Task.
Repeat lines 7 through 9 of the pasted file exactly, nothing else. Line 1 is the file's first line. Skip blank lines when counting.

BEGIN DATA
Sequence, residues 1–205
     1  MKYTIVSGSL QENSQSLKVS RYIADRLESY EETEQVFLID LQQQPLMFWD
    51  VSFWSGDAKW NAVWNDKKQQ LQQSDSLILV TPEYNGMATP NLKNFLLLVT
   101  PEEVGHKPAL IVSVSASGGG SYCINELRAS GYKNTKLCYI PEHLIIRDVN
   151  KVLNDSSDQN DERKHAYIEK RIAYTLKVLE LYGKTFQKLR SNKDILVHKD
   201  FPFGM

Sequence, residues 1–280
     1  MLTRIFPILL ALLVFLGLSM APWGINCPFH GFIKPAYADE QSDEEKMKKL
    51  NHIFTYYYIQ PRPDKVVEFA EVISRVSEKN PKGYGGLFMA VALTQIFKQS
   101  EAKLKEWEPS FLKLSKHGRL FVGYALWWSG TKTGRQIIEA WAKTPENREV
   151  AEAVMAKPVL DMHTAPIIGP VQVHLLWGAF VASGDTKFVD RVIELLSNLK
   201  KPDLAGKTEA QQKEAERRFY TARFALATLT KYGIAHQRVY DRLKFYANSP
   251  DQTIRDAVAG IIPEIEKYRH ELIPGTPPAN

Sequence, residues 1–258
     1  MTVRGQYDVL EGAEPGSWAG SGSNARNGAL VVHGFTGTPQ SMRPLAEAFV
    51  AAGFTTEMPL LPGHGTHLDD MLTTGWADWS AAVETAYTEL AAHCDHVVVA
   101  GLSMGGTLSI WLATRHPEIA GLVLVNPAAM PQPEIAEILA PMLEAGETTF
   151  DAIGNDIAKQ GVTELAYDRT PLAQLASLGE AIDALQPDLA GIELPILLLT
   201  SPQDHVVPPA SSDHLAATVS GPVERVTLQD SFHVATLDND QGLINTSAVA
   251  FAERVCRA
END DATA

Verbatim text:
Sequence, residues 1–280
     1  MLTRIFPILL ALLVFLGLSM APWGINCPFH GFIKPAYADE QSDEEKMKKL
    51  NHIFTYYYIQ PRPDKVVEFA EVISRVSEKN PKGYGGLFMA VALTQIFKQS